A: Early on, photography gave me a voice and a means to express myself. I always thought that vision is largely a function of what we understand about the world and life. I pursued a university education with studies in sociology, political science, world history, economics, and languages. I’ve always felt that photography is all about having something to say. I decided that instead of studying photography, it would be so much more beneficial to learn as many things about the world as possible. So, from my early beginning on, it was my idea to use photography to affirm things that are beautiful, yet also question what could be better, and how the world could be a more just place.

Q: How did your career then start and take off?

A: From an early age I decided that I wanted to meet the people who were my heroes, whose soul and vision touched me deeply. So, I visited a famous photo lab in Paris, Picto, where Cartier-Bresson’s films were developed, and his photos were printed. I immediately felt that I wanted to be a part of that. Though I’d never studied photography, I was certain that I could learn so much working there. So, I started to work in this famous lab of black-and-white printing, while pursuing a graduate degree in political science in Paris. I saw Cartier-Bresson on a weekly basis come to the lab to inspect and sign his prints. From that moment on, the gesture of signing a print became, for me, the summit of the photographic act.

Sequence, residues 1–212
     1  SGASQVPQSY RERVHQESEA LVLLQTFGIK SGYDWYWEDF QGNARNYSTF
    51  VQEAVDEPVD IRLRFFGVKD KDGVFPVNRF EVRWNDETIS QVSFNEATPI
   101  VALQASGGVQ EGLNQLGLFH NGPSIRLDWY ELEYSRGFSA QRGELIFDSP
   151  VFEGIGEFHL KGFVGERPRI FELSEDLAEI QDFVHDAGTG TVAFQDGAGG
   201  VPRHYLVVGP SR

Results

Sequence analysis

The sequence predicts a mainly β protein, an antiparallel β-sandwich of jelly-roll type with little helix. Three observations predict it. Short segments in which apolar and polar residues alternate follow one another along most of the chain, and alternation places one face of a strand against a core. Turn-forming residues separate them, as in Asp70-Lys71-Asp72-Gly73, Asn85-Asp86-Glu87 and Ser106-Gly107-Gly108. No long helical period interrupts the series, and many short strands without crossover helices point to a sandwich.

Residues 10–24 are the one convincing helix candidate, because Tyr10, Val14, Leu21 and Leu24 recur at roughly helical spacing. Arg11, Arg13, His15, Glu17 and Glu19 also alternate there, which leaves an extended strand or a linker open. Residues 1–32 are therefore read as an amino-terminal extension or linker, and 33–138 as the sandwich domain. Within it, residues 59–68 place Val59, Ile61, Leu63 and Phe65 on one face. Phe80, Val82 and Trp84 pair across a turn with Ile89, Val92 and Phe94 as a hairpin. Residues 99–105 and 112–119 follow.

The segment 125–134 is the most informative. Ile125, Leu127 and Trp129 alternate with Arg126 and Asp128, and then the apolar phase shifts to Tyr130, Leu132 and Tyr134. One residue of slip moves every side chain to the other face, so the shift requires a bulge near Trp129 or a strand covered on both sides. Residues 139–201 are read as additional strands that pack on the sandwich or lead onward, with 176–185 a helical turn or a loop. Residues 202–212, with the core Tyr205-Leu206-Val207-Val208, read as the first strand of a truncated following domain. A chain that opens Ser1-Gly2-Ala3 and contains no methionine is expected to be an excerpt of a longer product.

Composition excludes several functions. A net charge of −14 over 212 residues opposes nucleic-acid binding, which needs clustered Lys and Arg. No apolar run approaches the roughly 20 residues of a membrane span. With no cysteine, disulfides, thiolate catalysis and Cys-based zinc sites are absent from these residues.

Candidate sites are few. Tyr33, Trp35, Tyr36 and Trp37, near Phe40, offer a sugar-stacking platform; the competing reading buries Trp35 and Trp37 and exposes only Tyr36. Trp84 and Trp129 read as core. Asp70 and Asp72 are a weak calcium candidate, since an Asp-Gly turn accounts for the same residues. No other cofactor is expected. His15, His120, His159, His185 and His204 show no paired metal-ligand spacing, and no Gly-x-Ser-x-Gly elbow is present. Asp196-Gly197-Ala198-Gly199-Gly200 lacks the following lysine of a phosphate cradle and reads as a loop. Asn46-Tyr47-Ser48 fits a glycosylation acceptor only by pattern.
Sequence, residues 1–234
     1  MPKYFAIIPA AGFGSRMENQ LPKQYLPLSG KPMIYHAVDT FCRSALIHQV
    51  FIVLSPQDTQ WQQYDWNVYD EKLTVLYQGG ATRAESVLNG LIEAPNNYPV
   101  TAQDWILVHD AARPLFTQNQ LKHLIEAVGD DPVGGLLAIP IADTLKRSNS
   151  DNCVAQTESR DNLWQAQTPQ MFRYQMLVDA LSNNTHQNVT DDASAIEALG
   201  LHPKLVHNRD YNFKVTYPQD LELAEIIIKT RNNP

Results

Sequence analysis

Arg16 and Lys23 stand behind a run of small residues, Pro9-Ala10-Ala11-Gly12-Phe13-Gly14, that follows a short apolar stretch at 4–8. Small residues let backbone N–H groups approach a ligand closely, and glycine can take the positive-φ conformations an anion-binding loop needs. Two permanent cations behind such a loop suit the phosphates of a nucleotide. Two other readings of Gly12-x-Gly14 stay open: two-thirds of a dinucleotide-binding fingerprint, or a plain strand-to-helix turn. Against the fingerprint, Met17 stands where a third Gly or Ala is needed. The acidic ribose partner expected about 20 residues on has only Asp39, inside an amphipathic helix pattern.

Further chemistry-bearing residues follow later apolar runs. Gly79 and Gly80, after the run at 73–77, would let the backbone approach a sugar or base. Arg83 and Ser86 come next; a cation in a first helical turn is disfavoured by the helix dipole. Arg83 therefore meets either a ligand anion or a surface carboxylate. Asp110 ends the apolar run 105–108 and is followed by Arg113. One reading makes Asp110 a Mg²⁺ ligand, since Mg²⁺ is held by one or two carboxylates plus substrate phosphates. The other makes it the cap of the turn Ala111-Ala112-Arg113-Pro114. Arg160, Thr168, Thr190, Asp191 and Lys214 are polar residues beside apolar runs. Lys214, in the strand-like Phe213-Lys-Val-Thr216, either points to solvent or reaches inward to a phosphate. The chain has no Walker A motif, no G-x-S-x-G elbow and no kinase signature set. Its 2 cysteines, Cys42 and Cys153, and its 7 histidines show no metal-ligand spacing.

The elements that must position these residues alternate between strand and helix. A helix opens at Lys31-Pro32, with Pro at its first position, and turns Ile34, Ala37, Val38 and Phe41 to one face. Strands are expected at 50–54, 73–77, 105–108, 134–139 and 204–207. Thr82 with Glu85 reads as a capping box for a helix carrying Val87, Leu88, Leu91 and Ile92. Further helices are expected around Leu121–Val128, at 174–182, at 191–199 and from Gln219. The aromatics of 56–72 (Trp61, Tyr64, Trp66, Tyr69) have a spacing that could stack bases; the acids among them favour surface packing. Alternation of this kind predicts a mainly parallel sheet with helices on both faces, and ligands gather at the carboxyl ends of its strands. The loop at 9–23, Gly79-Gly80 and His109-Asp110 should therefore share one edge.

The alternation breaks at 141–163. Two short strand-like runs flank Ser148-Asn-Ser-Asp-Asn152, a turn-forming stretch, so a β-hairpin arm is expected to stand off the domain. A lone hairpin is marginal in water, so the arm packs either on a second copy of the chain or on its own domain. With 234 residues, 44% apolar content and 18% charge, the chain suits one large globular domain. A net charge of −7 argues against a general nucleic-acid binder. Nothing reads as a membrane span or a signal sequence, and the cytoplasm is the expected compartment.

A big turning point came for me when I met Robert Doisneau, after I graduated from Sciences Po in Paris. I simply called him, and asked him whether I could meet him. After chatting about my background and studies, I finally showed him my portfolio of Paris photos. He asked me two questions: “Would you like to become my assistant?” and “Do you want me to introduce you to my director of my photo agency Rapho?” Of course, I said yes to both things. From that moment on, I went to Doisneau’s atelier on a daily basis and, little by little, started to work as a professional photographer. I began to get assignments for great publications like The New York Times, Time, Newsweek and many French publications.